Alas, I cannot yet report on the books I was reading last week....because I haven't finished them yet. (I am **this** close to finishing The Hero's Guide to Saving Your Kingdom by Christopher Healy!)
But I had to write something today, so I took a break and read all these wonderful books I picked up at the Scholastic Reading Summit last Tuesday. I can't wait to get them into the school library!
I sent an email reminder to myself to get a copy of A Fine Dessert by Emily Jenkins after reading The Styling Librarian's blogpost review last Monday...and there it was in the Scholastic bookfair on Tuesday! The author takes us on a fascinating journey through history by following the recipe for blackberry fool. We learn how it was made in four different centuries, two countries, and four different families. As the author writes in her notes, there is a lot that can be discussed through this book: changes in food gathering, preparation, and refrigeration; changes in clothing and gender roles; slavery in the United states; and a common love for sweet desserts! The recipe is included, and be sure to read illustrator Sophie Blackall's notes as well--there is a surprise detail about the endpapers! I'll be sure to display A Fine Dessert in November with other books featuring food and family.
I am a sucker for children's picture dictionaries; I think they are a fabulous resource for young beginning writers as well as ELL students. I especially like the ones where words are grouped by category; First Words by Dawn Machell and Jane Horne gathers words in familiar groups such as clothes, foods, family members, and animals. There are a lot of pictures and words per page, which makes this a great resource for primary grades or a book to explore together with a younger child.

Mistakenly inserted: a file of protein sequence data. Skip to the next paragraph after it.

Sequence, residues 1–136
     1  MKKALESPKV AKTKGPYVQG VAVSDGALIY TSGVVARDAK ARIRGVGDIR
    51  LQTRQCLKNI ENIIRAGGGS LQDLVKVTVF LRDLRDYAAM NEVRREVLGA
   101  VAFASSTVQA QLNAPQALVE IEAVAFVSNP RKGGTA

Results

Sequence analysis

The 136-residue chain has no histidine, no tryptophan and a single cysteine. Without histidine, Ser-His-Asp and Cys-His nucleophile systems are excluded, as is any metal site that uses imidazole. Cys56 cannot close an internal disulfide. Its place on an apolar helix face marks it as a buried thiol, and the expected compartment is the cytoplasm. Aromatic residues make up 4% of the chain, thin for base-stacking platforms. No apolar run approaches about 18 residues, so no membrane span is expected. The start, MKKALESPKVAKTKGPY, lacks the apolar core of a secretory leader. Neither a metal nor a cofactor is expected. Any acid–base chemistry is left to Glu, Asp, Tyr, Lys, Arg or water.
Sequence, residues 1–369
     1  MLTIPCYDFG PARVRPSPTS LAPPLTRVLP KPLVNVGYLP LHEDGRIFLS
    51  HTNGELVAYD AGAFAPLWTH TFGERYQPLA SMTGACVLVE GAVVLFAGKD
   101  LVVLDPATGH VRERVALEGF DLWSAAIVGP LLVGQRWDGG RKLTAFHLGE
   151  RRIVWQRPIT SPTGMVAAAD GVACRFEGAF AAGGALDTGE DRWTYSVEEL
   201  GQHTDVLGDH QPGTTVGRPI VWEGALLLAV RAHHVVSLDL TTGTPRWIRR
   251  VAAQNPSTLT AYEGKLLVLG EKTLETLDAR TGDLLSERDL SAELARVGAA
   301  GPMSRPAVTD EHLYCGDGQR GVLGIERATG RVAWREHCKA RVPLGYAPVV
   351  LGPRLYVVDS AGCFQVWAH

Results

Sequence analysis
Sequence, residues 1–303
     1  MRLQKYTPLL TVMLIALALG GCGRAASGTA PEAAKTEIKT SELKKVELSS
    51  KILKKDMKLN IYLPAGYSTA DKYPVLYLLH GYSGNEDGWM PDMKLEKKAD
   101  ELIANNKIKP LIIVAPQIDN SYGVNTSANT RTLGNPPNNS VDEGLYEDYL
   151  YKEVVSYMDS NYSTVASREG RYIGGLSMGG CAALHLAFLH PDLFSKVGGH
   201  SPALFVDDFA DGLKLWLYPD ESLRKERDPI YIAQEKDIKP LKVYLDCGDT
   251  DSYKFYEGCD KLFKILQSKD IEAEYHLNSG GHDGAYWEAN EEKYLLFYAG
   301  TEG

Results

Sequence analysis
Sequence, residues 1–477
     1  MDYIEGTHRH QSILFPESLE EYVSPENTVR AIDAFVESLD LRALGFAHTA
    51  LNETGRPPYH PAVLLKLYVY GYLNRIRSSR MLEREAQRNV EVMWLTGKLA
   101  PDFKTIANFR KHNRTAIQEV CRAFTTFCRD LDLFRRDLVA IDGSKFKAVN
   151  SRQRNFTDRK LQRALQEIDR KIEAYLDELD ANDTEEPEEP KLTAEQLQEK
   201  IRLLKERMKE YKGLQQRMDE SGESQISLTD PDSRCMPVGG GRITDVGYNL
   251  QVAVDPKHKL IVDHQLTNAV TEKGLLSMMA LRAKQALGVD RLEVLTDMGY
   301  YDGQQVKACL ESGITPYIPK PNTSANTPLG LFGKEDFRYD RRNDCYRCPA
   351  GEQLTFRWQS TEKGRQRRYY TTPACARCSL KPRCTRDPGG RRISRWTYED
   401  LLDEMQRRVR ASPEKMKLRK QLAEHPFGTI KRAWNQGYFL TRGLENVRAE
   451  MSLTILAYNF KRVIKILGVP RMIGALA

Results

Flora and the Penguin is Molly Idle's follow-up to Caldecott Honoree Flora and the Flamingo. Wordless and using spare imagery in soft wintry shades of white and blue, we watch Flora and her ice-skating penguin partner as they dance; Idle's innovative use of flaps moves the action along a timeline (compare with comic book frames). I love using wordless books to teach story elements and provide students struggling with writers' block with a nudge to put their own words to the pictures.
Nana in the City by Lauren Castillo is another Caldecott Honor Book, illustrated in bright tones with heavy black lines and lots of details. A young boy is hesitant about visiting his grandmother in the loud, scary city. Nana knows what to do; she knits a superhero cape to inspire bravery in her grandson, and together they explore the wonders of city life. This would be a fun and easy read to pair with your favorite version of "City Mouse, Country Mouse".
Last, but not least--my two signed books by Kate Messner, Up in the Garden and Down in the Dirt, illustrated by Christopher Silas Neal, and How to Read a Story, illustrated by Mark Siegel. Ms. Messner read the latter to us at the Reading Summit, and I immediately thought it would be perfect at the beginning of the school year when we talk about choosing good-fit books in the library. She covers all the bases--choosing a book for your audience, making a prediction from the cover and title, using context clues to sound out words. Up in the Garden was purchased with our school's garden PBL project in mind, but it could be used in units about soil, the seasons, insects, and the environment. I like having books written by the same author but with different illustrators, because they can spark discussions about art styles and the editorial decisions behind matching the art to the story.
It was nice to take a break from my chapter books and feast my eyes on these wonderful picture books. I'm looking forward to sharing them with my students in the library!